Summary

This review of published scientific literature strongly indicates that clearcutting can be compatible with many wildlife species. In the studies we examined, clearcutting enhanced the quality, quantity, and availability of food and cover for white-tailed deer, moose, black bear, rabbit, hare, most game birds, all early successional songbirds, and several rodents. Snags and logging slash left after clearcutting benefited cavity nesting birds, raptors, and many amphibians and reptiles.

Although clearcutting enhances habitat for many species, there are several areas of concern. The most significant concern is the effect of clearcutting on amphibians because clearcutting results in a warmer, drier, less stable environment that seems inhospitable to them and may cause reproductive problems. Burning and other forms of site preparation following cutting also may reduce habitat quality for some amphibians. However, most studies in the pine flatwoods of the lower Coastal Plain found that overall herp biomass was not adversely affected by clearcutting. More research is needed on these species.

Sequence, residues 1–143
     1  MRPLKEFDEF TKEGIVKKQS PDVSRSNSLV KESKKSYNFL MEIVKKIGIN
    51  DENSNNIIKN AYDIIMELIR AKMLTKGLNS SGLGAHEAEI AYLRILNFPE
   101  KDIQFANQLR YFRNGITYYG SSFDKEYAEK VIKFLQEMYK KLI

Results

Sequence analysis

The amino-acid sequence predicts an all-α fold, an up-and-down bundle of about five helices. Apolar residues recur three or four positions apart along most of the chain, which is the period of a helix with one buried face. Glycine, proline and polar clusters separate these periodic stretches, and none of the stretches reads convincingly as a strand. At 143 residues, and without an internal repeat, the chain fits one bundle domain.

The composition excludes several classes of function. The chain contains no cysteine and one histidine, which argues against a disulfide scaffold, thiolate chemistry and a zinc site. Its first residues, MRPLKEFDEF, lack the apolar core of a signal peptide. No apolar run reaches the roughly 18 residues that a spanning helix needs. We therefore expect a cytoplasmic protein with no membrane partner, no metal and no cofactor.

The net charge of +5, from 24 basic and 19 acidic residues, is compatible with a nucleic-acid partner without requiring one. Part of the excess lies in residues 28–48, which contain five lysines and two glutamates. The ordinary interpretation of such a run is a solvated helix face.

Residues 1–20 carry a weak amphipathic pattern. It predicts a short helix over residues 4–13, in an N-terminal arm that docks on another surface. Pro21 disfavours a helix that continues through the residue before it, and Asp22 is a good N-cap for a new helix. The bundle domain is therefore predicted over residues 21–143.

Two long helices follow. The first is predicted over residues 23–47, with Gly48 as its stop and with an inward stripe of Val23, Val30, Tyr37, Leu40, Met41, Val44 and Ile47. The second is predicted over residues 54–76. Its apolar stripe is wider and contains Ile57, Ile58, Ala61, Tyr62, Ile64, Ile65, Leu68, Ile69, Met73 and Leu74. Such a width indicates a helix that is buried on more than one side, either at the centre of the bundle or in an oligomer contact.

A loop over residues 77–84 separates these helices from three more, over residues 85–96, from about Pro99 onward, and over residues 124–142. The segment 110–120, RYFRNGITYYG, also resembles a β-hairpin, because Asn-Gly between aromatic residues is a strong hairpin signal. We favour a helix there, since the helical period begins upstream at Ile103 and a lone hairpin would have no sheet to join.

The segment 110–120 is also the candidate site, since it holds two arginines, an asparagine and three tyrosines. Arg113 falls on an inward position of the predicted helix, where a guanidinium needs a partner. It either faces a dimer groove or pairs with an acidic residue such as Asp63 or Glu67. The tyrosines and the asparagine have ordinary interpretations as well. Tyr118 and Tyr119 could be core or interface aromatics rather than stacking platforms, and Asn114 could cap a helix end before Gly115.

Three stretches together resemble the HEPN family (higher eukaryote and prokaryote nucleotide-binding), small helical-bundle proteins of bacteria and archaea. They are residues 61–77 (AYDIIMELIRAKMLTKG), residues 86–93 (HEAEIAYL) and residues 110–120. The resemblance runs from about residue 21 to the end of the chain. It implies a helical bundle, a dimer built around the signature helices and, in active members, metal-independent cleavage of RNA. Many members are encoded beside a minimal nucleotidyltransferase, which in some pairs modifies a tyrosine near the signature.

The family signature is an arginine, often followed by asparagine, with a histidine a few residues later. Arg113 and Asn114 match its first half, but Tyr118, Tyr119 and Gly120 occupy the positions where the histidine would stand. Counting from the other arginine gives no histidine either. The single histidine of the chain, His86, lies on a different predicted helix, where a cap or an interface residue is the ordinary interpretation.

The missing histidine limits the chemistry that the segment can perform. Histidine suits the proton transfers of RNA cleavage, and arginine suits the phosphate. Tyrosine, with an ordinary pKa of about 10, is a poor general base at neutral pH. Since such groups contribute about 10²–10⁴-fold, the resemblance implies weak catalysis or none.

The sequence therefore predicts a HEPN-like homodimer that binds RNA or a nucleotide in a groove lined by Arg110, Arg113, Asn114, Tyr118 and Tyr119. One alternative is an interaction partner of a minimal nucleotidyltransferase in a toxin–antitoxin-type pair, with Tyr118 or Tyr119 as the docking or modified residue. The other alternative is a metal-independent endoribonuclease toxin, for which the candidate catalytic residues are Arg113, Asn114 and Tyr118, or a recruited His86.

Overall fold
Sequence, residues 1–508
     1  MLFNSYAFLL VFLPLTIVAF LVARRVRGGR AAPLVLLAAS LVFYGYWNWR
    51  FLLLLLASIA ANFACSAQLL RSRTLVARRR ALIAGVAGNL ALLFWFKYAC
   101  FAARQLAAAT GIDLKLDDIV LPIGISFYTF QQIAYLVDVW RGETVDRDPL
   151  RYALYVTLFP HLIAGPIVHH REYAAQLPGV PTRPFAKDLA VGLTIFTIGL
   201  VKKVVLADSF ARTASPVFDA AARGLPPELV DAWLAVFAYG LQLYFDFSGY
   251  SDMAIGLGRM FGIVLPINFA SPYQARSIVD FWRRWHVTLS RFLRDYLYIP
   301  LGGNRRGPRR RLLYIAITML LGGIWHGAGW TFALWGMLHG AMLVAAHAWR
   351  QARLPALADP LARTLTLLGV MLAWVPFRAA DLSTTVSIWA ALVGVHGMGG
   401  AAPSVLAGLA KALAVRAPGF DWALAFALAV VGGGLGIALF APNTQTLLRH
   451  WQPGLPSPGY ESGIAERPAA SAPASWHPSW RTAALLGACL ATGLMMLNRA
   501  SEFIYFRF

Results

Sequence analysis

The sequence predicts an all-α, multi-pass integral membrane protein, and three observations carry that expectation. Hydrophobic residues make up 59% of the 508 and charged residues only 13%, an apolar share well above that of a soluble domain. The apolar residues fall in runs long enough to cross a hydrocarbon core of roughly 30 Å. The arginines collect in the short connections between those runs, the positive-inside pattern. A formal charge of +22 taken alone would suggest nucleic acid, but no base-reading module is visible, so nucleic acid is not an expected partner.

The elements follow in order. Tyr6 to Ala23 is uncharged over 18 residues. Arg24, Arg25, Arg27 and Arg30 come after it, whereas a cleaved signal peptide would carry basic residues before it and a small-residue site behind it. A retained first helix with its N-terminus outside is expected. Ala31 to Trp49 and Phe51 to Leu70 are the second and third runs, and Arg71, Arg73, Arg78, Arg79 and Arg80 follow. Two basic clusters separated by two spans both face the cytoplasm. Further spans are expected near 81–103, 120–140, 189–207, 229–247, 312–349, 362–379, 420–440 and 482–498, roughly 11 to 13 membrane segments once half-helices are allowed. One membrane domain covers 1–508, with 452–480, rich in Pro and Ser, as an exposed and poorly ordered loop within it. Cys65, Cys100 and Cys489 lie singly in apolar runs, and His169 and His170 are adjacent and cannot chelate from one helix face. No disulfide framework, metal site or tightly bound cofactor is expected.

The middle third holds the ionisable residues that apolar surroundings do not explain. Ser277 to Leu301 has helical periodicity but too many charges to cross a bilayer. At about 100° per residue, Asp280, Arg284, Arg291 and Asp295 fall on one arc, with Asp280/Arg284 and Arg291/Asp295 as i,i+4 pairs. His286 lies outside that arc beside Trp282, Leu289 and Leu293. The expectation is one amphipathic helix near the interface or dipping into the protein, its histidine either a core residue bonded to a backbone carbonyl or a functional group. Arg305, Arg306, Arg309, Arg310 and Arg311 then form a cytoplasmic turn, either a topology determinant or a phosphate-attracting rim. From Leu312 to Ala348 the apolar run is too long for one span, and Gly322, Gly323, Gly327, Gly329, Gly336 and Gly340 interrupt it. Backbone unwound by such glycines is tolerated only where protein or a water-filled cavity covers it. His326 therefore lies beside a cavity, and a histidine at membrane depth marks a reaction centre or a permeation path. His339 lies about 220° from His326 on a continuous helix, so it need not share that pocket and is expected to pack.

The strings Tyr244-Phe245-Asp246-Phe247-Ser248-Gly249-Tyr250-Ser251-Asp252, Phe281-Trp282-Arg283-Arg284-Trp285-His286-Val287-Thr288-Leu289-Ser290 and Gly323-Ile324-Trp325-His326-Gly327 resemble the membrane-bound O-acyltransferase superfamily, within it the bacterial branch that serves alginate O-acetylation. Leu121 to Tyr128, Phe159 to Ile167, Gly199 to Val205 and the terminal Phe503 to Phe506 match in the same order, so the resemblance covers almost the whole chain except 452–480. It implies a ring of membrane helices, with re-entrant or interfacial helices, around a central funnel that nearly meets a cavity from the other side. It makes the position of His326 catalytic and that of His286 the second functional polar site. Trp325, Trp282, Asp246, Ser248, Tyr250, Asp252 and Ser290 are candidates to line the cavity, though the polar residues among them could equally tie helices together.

There also has been concern expressed that the fragmentation of large tracts of mature forest by harvesting timber might adversely affect area-sensitive or edge-avoiding species of birds. While most studies showed that such species are reduced in number near clearcuts, in most cases these species were not eliminated. Nest predation and parasitism were not higher in or near clearcuts unless the stands already were small due to the encroachment of roads, farms, and human habitation.

Although the vast majority of studies on deer indicated numerous benefits of clearcutting, one series of studies in the Southern Appalachian mountains found little deer use of clearcuts during winter. Another study found that oaks, a bonus deer food in good mast years, did not regenerate as readily as other tree species in a clearcut. Certainly, if cuttings and thinnings are not conducted frequently, food and cover may become scarce during interim years, creating a feast or famine situation that is not desirable. If clearcutting on good sites results in conversion of oak-dominated stands to species that yield little mast, some wildlife species can be adversely affected. It has also been demonstrated that intense site preparation following clearcutting over very large areas can be temporarily detrimental to some species.

The benefits of clearcutting for early successional associates generally decline in the sapling and poletimber stages of succession as the canopy begins to close. Poletimber stands are the least productive successional stage due to a greatly diminished ground cover and small, crowded tree crowns which yield little mast. However, thinnings and/or improvement cuttings during this comparatively unproductive period significantly increase both understory foods and soft and hard mast production.

 

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